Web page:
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Basque Center front entrance


Many original Basque immigrants came to Idaho in the late 1800s from Basque Country (a region that straddles parts of northern Spain and southwestern France) to work as sheepherders. Now, Boise has one of the largest concentrations of Basque populations per capita in the U.S.

Visit the Basque Block.

In Downtown Boise’s historic district, the Basque Block is home to the rich history and heritage of the Basque people. This community is the largest in the country, preserving the traditions and flavors of the inhabitants from Europe’s Bay of Biscay.
The Block features the Basque Museum and Cultural Center, restaurants with an authentic taste of Basque culture, the Basque Market (full of wines and food from the Basque Country and Spain) and the Basque Center, which is home to community events and Basque dancing and gatherings.

Check out the Basque Museum

The Basque Museum and Cultural Center and the Cyrus Jacobs-Uberuaga House, known to be the oldest surviving brick building in Boise, dating back to 1864, are open to tours for individuals and groups. Discover the stories and culture of the immigrants who traveled to Idaho in the 1800s.

Host an Event

Just one block from City Hall, the Basque Center can be reserved for private events throughout the year. The Basque Block can be reserved for events through the Basque Market. The Oinkari Basque Dancers—a traditional Basque folk dance troupe characterized by a flurry of flying feet, snapping fingers and lively cheers—frequently perform to ancient music and can be requested for educational performances as well. Visit their website for more information about performances.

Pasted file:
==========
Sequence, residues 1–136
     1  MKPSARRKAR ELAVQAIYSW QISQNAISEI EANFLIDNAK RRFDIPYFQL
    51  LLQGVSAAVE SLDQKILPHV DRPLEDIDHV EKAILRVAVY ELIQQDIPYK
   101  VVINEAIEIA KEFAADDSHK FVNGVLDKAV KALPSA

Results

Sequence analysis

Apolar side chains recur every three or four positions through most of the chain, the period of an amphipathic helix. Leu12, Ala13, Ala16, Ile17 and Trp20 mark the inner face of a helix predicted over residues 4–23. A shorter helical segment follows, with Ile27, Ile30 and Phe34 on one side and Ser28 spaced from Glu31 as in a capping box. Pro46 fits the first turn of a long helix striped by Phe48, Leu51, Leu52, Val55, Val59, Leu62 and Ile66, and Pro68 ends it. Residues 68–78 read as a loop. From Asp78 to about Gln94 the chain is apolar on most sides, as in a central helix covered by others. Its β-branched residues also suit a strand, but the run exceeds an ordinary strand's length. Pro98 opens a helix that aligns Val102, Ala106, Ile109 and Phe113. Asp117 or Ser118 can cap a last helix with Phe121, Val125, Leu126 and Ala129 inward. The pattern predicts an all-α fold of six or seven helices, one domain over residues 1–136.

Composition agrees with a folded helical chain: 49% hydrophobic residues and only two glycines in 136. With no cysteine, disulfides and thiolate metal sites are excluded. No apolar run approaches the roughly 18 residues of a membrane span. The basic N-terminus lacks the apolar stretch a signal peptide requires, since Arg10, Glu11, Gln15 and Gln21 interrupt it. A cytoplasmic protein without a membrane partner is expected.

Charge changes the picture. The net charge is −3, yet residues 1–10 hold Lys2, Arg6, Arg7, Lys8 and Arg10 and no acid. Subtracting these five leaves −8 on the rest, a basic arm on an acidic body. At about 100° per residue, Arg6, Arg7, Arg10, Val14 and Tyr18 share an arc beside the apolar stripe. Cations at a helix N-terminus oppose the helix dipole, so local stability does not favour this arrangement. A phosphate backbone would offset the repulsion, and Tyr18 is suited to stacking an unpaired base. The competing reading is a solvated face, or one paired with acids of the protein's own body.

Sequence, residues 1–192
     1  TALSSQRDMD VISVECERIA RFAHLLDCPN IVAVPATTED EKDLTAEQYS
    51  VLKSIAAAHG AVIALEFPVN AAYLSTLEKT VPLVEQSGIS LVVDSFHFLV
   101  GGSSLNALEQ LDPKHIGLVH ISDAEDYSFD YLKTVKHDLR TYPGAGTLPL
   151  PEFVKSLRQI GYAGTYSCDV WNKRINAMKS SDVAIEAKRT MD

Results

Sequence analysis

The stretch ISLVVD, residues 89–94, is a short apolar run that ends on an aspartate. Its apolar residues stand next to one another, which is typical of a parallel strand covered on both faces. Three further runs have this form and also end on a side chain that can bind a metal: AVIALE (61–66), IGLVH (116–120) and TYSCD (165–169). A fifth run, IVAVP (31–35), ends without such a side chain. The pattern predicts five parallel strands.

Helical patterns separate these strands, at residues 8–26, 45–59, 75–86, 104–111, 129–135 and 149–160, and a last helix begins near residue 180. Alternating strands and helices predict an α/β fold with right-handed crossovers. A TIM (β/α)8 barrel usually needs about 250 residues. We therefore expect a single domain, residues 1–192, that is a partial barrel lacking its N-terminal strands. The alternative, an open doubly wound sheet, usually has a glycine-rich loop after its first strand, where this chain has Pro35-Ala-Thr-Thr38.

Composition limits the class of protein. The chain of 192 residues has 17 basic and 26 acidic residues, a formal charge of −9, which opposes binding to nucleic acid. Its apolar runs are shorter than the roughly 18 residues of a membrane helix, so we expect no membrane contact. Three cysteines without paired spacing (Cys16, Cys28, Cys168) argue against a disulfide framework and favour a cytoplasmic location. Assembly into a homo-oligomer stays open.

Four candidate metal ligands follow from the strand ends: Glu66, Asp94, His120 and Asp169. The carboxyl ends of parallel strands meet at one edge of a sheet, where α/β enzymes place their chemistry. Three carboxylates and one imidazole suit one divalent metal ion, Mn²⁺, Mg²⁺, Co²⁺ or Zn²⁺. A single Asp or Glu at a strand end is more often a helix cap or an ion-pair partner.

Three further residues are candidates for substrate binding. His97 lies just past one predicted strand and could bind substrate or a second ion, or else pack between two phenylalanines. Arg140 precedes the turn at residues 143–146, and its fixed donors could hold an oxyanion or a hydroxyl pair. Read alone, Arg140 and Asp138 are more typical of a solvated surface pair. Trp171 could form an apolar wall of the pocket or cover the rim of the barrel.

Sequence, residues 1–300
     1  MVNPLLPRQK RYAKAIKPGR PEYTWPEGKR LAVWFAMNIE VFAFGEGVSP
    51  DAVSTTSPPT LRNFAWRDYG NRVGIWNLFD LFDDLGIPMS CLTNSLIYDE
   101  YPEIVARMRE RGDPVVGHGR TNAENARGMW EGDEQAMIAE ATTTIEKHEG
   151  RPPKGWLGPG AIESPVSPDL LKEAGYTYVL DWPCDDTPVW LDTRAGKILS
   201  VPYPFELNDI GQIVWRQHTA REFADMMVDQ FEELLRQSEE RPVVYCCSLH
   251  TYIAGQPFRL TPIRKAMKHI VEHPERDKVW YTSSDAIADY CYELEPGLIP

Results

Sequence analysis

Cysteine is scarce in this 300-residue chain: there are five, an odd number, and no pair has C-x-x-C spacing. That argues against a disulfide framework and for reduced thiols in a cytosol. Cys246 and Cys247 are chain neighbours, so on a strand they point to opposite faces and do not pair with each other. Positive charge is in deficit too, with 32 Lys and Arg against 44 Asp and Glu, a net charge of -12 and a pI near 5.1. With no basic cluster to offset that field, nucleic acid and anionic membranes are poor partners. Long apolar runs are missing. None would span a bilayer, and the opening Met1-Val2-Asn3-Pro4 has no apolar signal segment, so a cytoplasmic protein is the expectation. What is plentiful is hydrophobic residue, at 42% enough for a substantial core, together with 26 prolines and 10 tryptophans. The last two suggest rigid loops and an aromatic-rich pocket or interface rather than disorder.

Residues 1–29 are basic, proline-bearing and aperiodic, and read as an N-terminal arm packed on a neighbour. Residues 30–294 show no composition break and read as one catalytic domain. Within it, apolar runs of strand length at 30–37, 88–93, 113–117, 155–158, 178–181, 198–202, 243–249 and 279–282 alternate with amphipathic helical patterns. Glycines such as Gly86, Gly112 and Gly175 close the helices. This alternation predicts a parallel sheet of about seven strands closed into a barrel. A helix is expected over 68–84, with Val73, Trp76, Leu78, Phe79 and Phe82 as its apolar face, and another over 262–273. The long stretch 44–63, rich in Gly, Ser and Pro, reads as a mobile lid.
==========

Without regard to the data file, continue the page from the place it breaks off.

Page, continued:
Basque Events in Boise

Boise’s Basque Block is the backdrop for the celebration of the Basque culture. In July, there’s the San Inazio Festival, honoring the patron saint of the Basques. Thousands fill the Basque Block to watch athletes perform in Basque sporting events and see local musicians and dancers perform. Jaialdi, The World’s Largest Celebration of Basque Culture is also held in Boise every five years. Jaialdi translates to “Big Festival” and brings visitors from all over the world, with the next celebration taking place in 2025. Unconfirmed reports claim that it takes that long to recover from the celebratory dancing, musical performances, sporting events, and authentic food and drink.

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